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Vancouver Family Law Blog

Recent Cases on Costs

Some interesting cases recently reported which underscore both the discretion which a court has over awarding costs, and the confusion as to what factors will affect the court’s decision.  In Robyrts v. Roberts, 2009 BCCA 574 , the Court of Appeal confirmed that, even in the face of an offer to settle which would have provided a better result, the trial or chambers judge can deny any award of costs or double costs.  In C. (S.J.) v. A. (S.C.), 2010 BCCA 31, 2010 CarswellBC 135  British Columbia Court of Appeal, 2010, this issue of the court’s flexibility was canvassed again.  In this case, double costs was not awarded but the court paid attention to several factors in exercising its discretion, including the conduct of the parties and the interests of children involved.  It is clear that an Offer to Settle does not guarantee costs, let alone double costs.  It is equally clear, however, that a successful Offer will not negatively affect the court’s discretion to award those costs.

Mobility Law Update

The BC Court of Appeal recently released a decision which clarifies the decision making process the Court will use where one parent wants to move to another city, province, or country with the children and the other parent wants to stay where they are living and keep the children.   The test in these situations is what is in the "best interests" of the children. In S.S.L. v. J.W.W., 2010 BCCA 55, an appeal from S.S.L. v. J.W.W., 2009 BCSC 924, the Court of Appeal said the Judges should consider four possible scenarios and then decide which one will be in the best interests of the children.  The four possible scenarios are:

Notices to Admit

In family law, there are several methods to obtain information and disclosure from the opposing party.  Questions can be posed by way of interrogatories (ie. written requests for information) or in Examinations for Discovery (meetings during which the person being examined is required to answer questions relating to the matters in question).  Another method through which to obtain information from a party is a Notice to Admit.  A Notice to Admit is a document which lets a party seek the other party's admission as to the truth of facts alleged in the Notice or the authenticity of documents specified in the Notice. When you receive a Notice to Admit, you have two weeks to respond, either by: 1)            admitting the truth or authenticity requested; 2)            denying the truth or authenticity requested; 3)            describing in detail the reasons why the admission cannot be made; or, 4)            stating that you refuse to admit on the grounds of privilege or irrelevancy, or that the request is otherwise improper, and describes in detail the reasons for the refusal. If you do not respond to the Notice to Admit in the allotted two week period, you are deemed to have admitted everything that was in that Notice.  This is very effective and requires that, if you receive a Notice to Admit, you carefully and thoroughly review the facts and documents set out, and that you promptly and accurately respond to that Notice.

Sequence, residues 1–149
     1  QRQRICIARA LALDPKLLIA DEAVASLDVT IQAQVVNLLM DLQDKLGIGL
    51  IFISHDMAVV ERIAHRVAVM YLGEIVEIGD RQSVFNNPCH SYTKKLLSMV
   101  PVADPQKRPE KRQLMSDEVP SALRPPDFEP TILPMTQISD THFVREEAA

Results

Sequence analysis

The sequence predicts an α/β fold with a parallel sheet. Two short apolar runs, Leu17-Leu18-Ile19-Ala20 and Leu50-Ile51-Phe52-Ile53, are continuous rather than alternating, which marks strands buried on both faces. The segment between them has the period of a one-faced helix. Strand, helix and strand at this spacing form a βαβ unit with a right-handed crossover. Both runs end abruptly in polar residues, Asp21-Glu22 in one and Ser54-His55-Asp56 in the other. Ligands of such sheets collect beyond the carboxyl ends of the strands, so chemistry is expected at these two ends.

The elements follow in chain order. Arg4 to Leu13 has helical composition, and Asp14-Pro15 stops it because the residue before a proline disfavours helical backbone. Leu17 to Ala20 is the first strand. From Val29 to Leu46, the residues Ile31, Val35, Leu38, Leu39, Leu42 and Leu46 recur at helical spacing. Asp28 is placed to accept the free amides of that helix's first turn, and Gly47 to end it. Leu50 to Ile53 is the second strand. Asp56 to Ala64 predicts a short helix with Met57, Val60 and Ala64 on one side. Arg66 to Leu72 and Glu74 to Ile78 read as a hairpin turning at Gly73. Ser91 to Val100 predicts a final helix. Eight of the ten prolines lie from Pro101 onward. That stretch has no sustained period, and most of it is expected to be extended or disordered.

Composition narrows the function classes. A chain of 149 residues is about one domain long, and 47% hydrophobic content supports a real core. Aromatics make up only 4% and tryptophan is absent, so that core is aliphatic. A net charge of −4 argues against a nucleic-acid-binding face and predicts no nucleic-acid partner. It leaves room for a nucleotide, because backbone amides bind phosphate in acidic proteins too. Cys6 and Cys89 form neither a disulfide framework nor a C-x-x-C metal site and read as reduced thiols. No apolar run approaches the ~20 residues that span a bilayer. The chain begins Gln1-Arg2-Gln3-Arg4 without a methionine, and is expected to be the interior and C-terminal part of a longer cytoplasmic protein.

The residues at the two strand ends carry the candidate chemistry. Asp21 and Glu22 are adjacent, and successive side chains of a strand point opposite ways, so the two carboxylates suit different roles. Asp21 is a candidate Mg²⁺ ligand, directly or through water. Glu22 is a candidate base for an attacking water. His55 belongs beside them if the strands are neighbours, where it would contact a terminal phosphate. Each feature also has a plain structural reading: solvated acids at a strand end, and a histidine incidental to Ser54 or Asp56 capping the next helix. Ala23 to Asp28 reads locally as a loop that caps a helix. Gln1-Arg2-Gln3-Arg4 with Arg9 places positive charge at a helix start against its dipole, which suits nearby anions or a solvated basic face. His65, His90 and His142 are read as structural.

Reassessment of Trial Decisions

The court in R.A.C. v. V.L.C., 2009 BCSC 1417 recently reviewed the law regarding when it can and should reconsider a trial decision.  Under normal circumstances, a trial decision is geared towards ending the parties’ disputes and deciding the issues on a final basis.  There are, however, occasions where the Judge’s trial decision requires reassessment based upon facts which were not available to the parties during the trial.  This can only happen if a court order has not yet been entered.  However, in that event, the court has an unfettered discretion to reconsider its decision but should do so exceedingly sparingly.  Further, the court in R.A.C. acknowledged that the underlying rationale of the court’s discretion is prevent a miscarriage of justice from occurring.A reassessment is a very rare occurrence and all efforts should be made to ensure that the issues and evidence are properly canvassed at trial.

What to do about non-disclosure

What can you do when the other side won't give you the documents you need to determine his or her income?  Rule 60D of the British Columbia Supreme Court Rules dictates the disclosure that a party must make in a family law proceeding.  In the case of Cunha v. Cunha (1994), 99 B.C.L.R. (2d) 93 (S.C.)) Mr. Justice Fraser quite appropriately stated that,

Getting Married, Separated, or Divorced? Time to think about your will.

The laws of British Columbia with regard to familial relations and wills and estates interact in a way that you need to be aware of if you want to make sure that wishes are honoured if you pass away.  These are a few of the common issues that you should be aware of: If you are getting Married: Wills in BC are governed by the Wills Act.  Under section 15 of the Wills Act, your will is revoked if you get married, unless your will specifically contemplates your upcoming marriage.  If your will is revoked and you pass away, it will be as though you died with no will at all, and your property will be distributed according to the Estate Administration Act.  So if you get married, make sure you revisit your will if you want your final wishes to be respected.

Understand your legal options. Make informed decisions. Contact the family law lawyers of Henderson Heinrichs LLP


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